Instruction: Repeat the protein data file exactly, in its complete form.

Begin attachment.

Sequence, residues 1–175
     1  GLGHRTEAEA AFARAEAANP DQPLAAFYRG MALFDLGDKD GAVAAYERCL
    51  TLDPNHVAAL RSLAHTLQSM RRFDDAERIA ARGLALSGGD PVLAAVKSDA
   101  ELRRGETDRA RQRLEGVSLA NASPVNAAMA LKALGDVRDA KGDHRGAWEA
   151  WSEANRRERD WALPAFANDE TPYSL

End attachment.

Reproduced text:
Sequence, residues 1–175
     1  GLGHRTEAEA AFARAEAANP DQPLAAFYRG MALFDLGDKD GAVAAYERCL
    51  TLDPNHVAAL RSLAHTLQSM RRFDDAERIA ARGLALSGGD PVLAAVKSDA
   101  ELRRGETDRA RQRLEGVSLA NASPVNAAMA LKALGDVRDA KGDHRGAWEA
   151  WSEANRRERD WALPAFANDE TPYSL